Safe Digging Will Not Put You in a Financial Hole
The odds of OSHA showing up at your worksite have increased for construction employers engaged in excavation and trenching. OSHA recently announced an update to its National Emphasis Program (“NEP”) to prevent trenching and excavation collapses after a spike in construction fatalities. The October 2018 update focuses on both increased enforcement and education activities by OSHA Area Offices.
The updated NEP instructs inspectors to initiate an investigation whenever they observe an open trench or excavation, regardless of whether or not a violation is readily observable. These observations could be made during the course of the inspector’s work-day travels or during a routine inspection. OSHA will also continue to conduct inspections based on employee complaints or referrals from third-parties, such as city inspectors or other governmental agencies.
The scope of the inspection will, in most cases, be limited to evaluating the hazards associated with the excavation. However, if other violations are observed, the inspector can expand the scope of the inspection to address those other areas.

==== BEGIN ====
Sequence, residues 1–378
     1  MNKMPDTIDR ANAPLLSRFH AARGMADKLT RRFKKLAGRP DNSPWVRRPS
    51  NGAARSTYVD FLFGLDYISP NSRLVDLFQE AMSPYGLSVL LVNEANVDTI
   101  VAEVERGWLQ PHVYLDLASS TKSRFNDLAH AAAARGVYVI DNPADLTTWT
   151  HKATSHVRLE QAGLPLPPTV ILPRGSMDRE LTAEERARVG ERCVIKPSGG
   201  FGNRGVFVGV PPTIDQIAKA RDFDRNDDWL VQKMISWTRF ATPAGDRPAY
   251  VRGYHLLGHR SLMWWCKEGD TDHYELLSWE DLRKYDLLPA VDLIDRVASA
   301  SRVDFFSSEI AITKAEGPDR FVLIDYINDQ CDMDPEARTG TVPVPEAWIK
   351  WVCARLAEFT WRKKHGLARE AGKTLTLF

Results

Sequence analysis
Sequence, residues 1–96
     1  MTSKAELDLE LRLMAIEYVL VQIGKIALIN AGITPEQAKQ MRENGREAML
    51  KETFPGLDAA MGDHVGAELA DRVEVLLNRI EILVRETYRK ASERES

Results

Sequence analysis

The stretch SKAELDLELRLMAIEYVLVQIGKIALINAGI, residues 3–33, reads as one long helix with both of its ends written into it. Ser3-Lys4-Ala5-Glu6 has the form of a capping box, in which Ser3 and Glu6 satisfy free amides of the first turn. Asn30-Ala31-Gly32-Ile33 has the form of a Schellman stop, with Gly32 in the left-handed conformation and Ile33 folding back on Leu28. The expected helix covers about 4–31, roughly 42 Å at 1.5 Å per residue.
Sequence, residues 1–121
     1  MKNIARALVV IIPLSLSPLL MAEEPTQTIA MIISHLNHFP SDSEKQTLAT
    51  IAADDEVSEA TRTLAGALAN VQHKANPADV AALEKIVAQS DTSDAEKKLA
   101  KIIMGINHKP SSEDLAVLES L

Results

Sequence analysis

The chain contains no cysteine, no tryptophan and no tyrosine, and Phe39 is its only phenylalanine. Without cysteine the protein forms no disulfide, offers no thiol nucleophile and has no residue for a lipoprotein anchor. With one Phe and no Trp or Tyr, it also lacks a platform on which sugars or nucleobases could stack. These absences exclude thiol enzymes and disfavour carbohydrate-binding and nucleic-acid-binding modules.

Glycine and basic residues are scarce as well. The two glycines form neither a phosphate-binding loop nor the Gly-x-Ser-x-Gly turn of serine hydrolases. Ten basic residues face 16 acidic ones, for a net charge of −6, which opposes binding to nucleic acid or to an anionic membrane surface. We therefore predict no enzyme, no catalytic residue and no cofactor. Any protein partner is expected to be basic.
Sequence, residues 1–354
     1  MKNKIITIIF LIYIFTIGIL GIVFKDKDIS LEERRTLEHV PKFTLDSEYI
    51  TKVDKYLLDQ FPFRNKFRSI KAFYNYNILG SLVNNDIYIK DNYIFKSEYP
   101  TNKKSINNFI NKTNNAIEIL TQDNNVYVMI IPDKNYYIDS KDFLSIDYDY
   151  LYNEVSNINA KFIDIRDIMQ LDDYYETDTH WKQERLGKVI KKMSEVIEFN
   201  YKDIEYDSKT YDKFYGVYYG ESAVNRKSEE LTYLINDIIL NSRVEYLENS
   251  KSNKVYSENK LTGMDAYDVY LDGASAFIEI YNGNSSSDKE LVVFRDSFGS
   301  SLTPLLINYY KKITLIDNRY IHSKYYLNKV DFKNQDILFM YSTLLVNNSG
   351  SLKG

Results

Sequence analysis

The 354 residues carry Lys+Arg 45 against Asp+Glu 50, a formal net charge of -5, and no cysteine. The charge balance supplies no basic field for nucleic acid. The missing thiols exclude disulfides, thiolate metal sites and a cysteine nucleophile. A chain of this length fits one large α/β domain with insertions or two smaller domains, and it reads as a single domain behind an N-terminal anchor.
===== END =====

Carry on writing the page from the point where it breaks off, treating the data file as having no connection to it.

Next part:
Pursuant to the updated NEP, OSHA Area Offices are required to develop and implement a “comprehensive excavation safety outreach program.” The education outreach activities are likely to include:
- News releases to disseminate information concerning the updated NEP;
- Seminars on trenching and excavation safety for employer groups, trade associations and unions; and
- Educational material on trenching and excavation safety for (i) licensing or other municipal agencies for distribution to employers when they request dig permits; (ii) utility and plumbing companies for distribution to employers; and (iii) industry association for distribution to members.
Employers are well advised to focus on maintaining a safe worksite by complying with OSHA’s standards on trenching as well as other applicable standards. OSHA’s website has a wealth of information regarding trenching and excavation safety.
As the law continues to evolve on these matters, please note that this article is current as of date and time of publication and may not reflect subsequent developments. The content and interpretation of the issues addressed herein is subject to change. Cole Schotz P.C. disclaims any and all liability with respect to actions taken or not taken based on any or all of the contents of this publication to the fullest extent permitted by law. This is for general informational purposes and does not constitute legal advice or create an attorney-client relationship. Do not act or refrain from acting upon the information contained in this publication without obtaining legal, financial and tax advice. For further information, please do not hesitate to reach out to your firm contact or to any of the attorneys listed in this publication.
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